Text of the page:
Some of the first data from a new orbiting infrared telescope are revealing that the Milky Way - and by analogy galaxies in general - is making new stars at a much more prolific pace than astronomers imagined.
Caption: The nebula RCW49, shown in infrared light in this image from the Spitzer Space Telescope, is a nursery for newborn stars. Using NASAs Spitzer Space Telescope, astronomers have found in RCW49 more than 300 newborn or protostars, all with circumstellar disks of dust and gas. The discovery reveals that galaxies make new stars at a much more prolific rate than previously imagined. The stelar disks of dust and gas not only feed material onto the growing new stars, but can be the raw material for new planetary systems.
Photo by: NASA/JPL-Caltech/University of Wisconsin-Madison
The findings from NASAs Spitzer Space Telescope were announced today (May 27) at a NASA headquarters press briefing by Edward Churchwell, a University of Wisconsin-Madison astronomer and the leader of a team conducting the most detailed survey to date of our galaxy in infrared light.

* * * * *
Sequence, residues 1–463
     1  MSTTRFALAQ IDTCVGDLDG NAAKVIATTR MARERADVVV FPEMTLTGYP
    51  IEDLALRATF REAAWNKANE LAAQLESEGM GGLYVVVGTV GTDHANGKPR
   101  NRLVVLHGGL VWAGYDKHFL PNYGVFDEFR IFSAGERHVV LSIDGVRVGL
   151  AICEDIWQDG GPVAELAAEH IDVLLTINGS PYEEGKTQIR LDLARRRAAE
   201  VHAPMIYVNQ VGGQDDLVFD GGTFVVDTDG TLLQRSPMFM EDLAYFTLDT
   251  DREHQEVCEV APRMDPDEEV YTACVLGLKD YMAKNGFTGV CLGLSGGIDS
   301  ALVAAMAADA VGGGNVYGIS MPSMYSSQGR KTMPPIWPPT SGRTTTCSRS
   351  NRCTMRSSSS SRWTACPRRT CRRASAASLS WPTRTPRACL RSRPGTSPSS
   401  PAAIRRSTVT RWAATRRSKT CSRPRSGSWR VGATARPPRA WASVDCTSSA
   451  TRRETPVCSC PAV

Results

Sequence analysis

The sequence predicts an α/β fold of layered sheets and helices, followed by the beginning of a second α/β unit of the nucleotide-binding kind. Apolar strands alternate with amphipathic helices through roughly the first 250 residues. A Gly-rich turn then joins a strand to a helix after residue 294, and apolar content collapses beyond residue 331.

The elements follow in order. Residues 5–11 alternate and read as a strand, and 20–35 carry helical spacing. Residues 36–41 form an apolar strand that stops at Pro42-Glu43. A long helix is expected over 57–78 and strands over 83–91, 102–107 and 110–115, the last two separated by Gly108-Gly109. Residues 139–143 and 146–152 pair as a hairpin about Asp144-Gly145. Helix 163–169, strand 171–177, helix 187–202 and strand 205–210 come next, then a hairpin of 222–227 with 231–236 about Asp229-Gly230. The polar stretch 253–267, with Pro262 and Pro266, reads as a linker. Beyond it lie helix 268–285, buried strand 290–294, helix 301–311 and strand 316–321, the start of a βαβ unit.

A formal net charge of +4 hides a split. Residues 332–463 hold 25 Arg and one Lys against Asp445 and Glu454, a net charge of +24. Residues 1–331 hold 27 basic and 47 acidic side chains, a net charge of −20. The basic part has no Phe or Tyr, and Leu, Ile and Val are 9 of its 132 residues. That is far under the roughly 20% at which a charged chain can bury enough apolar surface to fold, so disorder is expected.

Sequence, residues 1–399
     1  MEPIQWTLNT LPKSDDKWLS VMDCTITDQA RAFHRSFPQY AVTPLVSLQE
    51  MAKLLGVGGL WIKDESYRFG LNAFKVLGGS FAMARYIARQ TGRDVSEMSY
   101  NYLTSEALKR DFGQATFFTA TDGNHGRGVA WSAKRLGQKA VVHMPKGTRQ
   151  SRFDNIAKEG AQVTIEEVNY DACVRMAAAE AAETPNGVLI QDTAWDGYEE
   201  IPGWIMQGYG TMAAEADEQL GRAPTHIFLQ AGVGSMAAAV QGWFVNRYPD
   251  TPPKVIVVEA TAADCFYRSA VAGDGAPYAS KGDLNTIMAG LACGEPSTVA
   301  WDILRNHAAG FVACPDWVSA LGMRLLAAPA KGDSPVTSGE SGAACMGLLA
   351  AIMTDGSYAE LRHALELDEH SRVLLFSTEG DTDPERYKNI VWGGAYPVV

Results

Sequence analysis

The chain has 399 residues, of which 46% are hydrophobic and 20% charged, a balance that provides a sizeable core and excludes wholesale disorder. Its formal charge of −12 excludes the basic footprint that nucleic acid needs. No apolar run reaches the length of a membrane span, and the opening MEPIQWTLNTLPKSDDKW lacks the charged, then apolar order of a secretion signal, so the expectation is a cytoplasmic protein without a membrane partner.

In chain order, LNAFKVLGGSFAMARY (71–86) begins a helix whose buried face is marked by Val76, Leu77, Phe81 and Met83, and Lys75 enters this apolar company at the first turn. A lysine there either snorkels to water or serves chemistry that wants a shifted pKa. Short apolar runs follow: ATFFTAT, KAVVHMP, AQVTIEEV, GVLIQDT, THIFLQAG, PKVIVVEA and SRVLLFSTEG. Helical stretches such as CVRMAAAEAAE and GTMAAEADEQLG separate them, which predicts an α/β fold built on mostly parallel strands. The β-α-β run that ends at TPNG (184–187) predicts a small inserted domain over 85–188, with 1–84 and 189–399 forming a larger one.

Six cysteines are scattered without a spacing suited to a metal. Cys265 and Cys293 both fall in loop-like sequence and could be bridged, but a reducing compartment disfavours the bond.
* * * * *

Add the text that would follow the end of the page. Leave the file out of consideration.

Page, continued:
Focusing the telescope on a compact cluster of stars at the heart of a distant nebula known as RCW49, Churchwell and his colleagues discovered more than 300 newly forming stars. Each of the stars, known to astronomers as protostars, has a swirling disk of circumstellar dust and creates ideal conditions for the formation of new solar systems.
Terry Devitt | EurekAlert!
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